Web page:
By Nicolle

If I get married, I want to tie the knot with someone who is career-driven, but who will also help out with vacuuming (my absolute least favorite chore – I’d rather clean a toilet), cooking and laundry. Given the fact that we just launched into the second decade of the 21st century, I don’t think that’s too much to ask.

I’d also like someone who’s taller than me, likes animals, wants to travel, can dance and doesn’t mind that I’m occasionally (read: usually) indecisive. Still not that much to ask, right?

According to Jillian Straus, author of Unhooked Generation: The Truth About Why We’re Still Single, such a checklist could be part of the reason Generation X and the Millennial Generation are postponing marriage – and having a harder time finding love.

Straus, who was once a producer for The Oprah Winfrey Show, took it upon herself to tour the nation to interview 25 to 39 year olds in an attempt to get to the bottom of why so many of her friends and acquaintances were unsuccessful at finding long-lasting relationships.

Along the way, Straus uncovered what she calls “The Seven Evil Influences” that effect how Gen X-ers relate to one another in relationships. The influences, which range from our “multiple-choice culture” to the “divorce effect,” have given us unrealistic expectations for what our romantic relationships should look like.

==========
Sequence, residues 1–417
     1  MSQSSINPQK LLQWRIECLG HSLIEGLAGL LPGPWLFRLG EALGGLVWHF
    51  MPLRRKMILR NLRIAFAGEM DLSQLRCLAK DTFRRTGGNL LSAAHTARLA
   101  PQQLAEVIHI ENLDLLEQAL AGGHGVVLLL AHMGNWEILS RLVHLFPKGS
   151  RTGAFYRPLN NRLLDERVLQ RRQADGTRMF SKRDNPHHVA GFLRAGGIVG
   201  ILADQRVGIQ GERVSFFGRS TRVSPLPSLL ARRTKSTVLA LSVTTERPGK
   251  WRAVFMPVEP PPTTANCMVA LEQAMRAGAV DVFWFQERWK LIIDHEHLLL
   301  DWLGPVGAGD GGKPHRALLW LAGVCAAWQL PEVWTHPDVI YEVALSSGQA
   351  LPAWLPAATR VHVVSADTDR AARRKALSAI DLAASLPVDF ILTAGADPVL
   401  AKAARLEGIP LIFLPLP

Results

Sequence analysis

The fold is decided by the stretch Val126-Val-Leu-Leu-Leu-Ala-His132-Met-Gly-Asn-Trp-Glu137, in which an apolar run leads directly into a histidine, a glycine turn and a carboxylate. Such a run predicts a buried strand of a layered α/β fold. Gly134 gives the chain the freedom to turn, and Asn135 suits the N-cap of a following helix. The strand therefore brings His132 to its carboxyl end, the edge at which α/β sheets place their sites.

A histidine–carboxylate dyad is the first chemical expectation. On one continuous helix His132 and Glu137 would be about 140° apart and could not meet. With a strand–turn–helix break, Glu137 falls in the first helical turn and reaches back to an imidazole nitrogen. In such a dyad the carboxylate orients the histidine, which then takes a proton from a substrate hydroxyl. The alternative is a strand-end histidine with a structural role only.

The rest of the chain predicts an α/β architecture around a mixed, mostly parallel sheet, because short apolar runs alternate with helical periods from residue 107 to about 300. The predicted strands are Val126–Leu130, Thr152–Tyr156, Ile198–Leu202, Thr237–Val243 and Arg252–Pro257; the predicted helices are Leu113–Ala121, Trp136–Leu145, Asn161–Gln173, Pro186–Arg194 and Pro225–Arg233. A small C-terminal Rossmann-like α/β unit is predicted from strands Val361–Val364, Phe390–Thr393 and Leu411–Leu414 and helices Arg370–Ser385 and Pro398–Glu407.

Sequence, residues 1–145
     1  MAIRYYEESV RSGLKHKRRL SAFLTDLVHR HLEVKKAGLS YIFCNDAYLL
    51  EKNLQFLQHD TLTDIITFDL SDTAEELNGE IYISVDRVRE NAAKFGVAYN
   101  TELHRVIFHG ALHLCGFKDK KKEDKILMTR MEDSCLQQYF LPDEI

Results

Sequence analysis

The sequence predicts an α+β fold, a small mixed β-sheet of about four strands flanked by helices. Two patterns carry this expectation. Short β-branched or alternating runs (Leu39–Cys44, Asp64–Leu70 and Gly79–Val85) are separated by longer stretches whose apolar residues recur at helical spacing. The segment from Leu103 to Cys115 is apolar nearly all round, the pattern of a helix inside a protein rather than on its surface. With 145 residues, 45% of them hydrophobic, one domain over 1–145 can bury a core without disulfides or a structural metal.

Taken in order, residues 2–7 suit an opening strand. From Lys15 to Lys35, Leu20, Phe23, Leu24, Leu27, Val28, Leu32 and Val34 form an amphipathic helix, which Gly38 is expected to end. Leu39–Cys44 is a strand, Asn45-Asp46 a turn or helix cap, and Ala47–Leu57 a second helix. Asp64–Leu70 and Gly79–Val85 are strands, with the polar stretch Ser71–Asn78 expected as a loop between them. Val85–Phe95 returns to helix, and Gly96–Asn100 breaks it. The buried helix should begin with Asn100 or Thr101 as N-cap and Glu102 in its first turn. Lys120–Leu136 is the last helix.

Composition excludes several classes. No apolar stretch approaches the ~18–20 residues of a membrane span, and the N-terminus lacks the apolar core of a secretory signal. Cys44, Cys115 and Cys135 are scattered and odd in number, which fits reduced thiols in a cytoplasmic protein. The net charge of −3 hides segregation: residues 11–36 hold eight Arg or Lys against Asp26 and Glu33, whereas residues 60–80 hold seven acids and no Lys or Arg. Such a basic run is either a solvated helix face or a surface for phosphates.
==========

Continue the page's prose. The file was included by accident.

Instead of being willing to put in the time required to build a lasting relationship, we’re more likely to “upgrade” to something easier. If something is “missing” in a relationship, we’re more willing to explore other options because we have an ideal relationship in mind, one that might not actually be attainable.

Straus explores how culture and generations before us have influenced our notorious fear of settling by giving us too many options and convincing us that we should never have to suffer in a relationship. She also dissects how our tendencies towards casual sex have taken a toll our ability to engage in long-term relationships.

The first three-fourths of the book could be depressing; Straus’ findings could lead to a hopeless feeling that any attempts at finding love are futile based on all the influences actively fighting against our desires for relationships. Instead, the book is enlightening, refreshing and mind-boggling. While reading it, I would occasionally yell out loud, “Yes! That’s exactly how I feel!” or “Why doesn’t everyone know this?!”

Unhooked Generation should be required reading for anyone above the age of 18 and below the age of 45. Part of what is killing our relationships is a lack of self-awareness – and this book makes it clear that we have more control in the game of love than we think.

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